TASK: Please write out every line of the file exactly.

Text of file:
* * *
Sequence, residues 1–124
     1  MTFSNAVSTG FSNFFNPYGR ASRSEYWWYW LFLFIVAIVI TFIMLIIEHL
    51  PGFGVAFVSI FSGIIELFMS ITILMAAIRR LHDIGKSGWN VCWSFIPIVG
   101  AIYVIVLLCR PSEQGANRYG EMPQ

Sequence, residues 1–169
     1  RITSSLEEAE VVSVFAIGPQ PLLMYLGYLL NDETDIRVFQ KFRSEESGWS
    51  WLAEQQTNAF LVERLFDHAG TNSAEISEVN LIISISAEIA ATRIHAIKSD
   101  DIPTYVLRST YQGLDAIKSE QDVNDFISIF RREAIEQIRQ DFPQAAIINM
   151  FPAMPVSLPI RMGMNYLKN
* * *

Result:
Sequence, residues 1–124
     1  MTFSNAVSTG FSNFFNPYGR ASRSEYWWYW LFLFIVAIVI TFIMLIIEHL
    51  PGFGVAFVSI FSGIIELFMS ITILMAAIRR LHDIGKSGWN VCWSFIPIVG
   101  AIYVIVLLCR PSEQGANRYG EMPQ

Sequence, residues 1–169
     1  RITSSLEEAE VVSVFAIGPQ PLLMYLGYLL NDETDIRVFQ KFRSEESGWS
    51  WLAEQQTNAF LVERLFDHAG TNSAEISEVN LIISISAEIA ATRIHAIKSD
   101  DIPTYVLRST YQGLDAIKSE QDVNDFISIF RREAIEQIRQ DFPQAAIINM
   151  FPAMPVSLPI RMGMNYLKN